On-campus taverns at Md. colleges keep drinking at home Bars boost student life, stop drunken driving, school officials say

November 10, 1997|By Mike Bowler | Mike Bowler,SUN STAFF Emily Schuster, a Johns Hopkins University student, contributed to this article.

A new tavern opened this month in Salisbury, with sports decor, ear-splitting deejay music and inexpensive wine, beer and eats.

But this wasn't an ordinary tavern debut. Teen-agers mixed with patrons of drinking age, who wore identifying wristbands. There was no smoking, no hard liquor, and the Crossroads pub -- named by a vote of students at Salisbury State University -- sits smack in the middle of campus.

While colleges in New Hampshire, Rhode Island and Florida have gone "dry" this fall after two student deaths attributed to binge drinking, Salisbury State, the Johns Hopkins University and Mount St. Mary's College in Emmitsburg are taking the opposite tack. They're deliberately -- and unapologetically -- "wet."

Hopkins' E-Level pub, named for a nonexistent floor of the nearby Milton S. Eisenhower Library, is remodeled as a sports bar with pool tables and a regular schedule of rock groups and other entertainers.

Mount St. Mary's College's Pourhouse is popular on Thursday nights with seminarians before they leave campus for weekends of field work.

The rationale at the three Maryland schools is the same: Students are going to drink at off-campus locations anyway -- and drive there and back. Why not keep them at home, and boost campus social life in the process?

Salisbury State's new pub resulted from a year of campus self-examination.

"Our pub allows students of all ages to socialize and converse," said Carol Williamson, Salisbury's vice president for student affairs. "And while we hesitate to use the word 'control,' that's what it amounts to. If students drink on campus, we can have some control over it."

Drinking age laws are rigidly enforced in the campus bars. Bartenders, often students on federal work-study grants, are trained to watch for excessive drinking. There are no happy hours, and escorts home are at hand for the tipsy.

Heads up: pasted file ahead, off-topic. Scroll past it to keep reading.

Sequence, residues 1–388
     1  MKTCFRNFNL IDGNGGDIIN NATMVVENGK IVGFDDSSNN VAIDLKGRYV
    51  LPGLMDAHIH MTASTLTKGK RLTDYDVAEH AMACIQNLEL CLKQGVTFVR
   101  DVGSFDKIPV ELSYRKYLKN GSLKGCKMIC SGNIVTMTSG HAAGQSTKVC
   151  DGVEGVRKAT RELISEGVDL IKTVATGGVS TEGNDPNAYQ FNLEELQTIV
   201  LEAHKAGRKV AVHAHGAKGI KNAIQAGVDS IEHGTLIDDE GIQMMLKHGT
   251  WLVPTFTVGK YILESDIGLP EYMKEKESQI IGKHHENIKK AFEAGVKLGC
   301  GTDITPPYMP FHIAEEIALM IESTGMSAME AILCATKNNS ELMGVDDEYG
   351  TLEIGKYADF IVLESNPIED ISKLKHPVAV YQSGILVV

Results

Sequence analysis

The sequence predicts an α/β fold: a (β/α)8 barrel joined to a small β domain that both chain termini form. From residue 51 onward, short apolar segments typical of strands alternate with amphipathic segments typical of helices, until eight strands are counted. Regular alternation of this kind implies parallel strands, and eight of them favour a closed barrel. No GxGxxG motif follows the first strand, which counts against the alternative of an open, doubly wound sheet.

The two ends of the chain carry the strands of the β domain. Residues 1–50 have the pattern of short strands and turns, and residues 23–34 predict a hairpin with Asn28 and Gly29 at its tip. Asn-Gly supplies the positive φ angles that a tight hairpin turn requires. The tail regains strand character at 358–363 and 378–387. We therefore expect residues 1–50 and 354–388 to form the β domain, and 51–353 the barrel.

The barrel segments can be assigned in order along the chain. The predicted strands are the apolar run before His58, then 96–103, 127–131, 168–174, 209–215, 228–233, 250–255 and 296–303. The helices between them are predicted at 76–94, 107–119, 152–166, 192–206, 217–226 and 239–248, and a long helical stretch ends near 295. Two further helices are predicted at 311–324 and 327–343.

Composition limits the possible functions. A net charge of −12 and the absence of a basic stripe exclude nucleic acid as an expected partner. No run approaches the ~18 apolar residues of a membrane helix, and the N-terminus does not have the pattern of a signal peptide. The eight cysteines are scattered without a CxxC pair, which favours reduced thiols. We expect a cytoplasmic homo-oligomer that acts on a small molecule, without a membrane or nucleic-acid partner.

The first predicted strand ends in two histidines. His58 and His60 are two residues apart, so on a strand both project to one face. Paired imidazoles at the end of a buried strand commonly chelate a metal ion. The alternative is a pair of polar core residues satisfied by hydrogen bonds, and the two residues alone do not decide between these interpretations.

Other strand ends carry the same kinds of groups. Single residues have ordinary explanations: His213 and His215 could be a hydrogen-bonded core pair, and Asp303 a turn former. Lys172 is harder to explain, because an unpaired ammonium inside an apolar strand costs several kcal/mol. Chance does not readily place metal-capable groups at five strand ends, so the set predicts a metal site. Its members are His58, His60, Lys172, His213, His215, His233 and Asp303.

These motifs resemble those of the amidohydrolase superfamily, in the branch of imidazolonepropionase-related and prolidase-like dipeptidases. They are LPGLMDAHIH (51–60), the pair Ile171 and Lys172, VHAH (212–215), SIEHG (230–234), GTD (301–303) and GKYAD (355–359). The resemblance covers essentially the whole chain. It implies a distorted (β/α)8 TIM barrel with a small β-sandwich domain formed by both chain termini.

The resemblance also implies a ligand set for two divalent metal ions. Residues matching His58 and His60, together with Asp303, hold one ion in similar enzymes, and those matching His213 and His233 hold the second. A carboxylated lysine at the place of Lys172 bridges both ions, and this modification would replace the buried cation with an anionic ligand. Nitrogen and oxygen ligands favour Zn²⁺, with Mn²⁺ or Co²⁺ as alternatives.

Hopkins' E-Level, in its third year, was a financial and attendance disaster last year and was threatened with closing, said Pat Beary, a former campus security officer hired this year to breathe life into the operation.

On Wednesday at 11 p.m., E-Level had about 80 customers, including a number of fraternity and sorority members. The "Greeks" are the group most inclined to off-campus drinking, according to national surveys, but George Laufenberg, an E-Level student manager and Pi Kappa Alpha fraternity member, said they are sampling E-Level and liking it.

"We had our Founders Day party here," said Alla Nayman, 21, vice president of Phi Mu sorority, "and we loved it. It's better than last year."

Beary, 33, once worked as a manager at Hammerjacks, the legendary South Baltimore nightclub, and he's eager to make E-Level "user-friendly."

He's scheduled a series of band appearances, rented the pub to campus groups and laced the menu with sandwiches named after campus officials. The "Bill Brody," for Hopkins' president, has "lots of ham, Swiss cheese, lettuce and tomato, topped with mustard and served on an honor roll."

"I'm not absolutely required to make money," said Beary, "but I will. I've brought in more money since we opened this fall than all previous managers put together."

At rural Mount St. Mary's College, underage students aren't allowed in the Pourhouse after 9 p.m., but George Houston, the )) college president, said he might lift that restriction.

"At a place like the Mount," Houston said, "there are two primary reasons for having an on-campus drinking place -- heading off off-campus drinking and keeping students out of cars."

'Heartbreaking stories'

"We're a mile and a half from Emmitsburg, and I wish you could hear the heartbreaking stories I always hear at alumni gatherings," said Houston. "There's not a single older alumnus who doesn't have a story, often related with tears, about losing a friend on Route 15. Drinking is almost always involved in these stories."

The heightened concern over campus alcohol policies arises from binge-drinking deaths this fall at Massachusetts Institute of Technology and Louisiana State University, and last year at Frostburg State University in Western Maryland and Hartwick College in Oneonta, N.Y.

A 1995 survey of 17,000 American college students found that 84 percent drink, while 44 percent "binge" -- defined as consuming five or more drinks in one session.

When Salisbury State surveyed its students a year ago, it found an even higher percentage: 56 percent reported bingeing in the two weeks before the survey.

The opening of a pub on campus is but one of several steps Salisbury State and other schools have taken to curb student drinking -- or at least to channel it. They've established drug- and alcohol-free dormitories and encouraged off-campus bars to drop happy hours and act responsibly in selling liquor.

Still, said Houston, it's off-campus drinking over which schools have little control. "If I could report to you that the drinking behavior off-campus is as good as it is in the Pourhouse, I'd be a happy man," he said.

Another view

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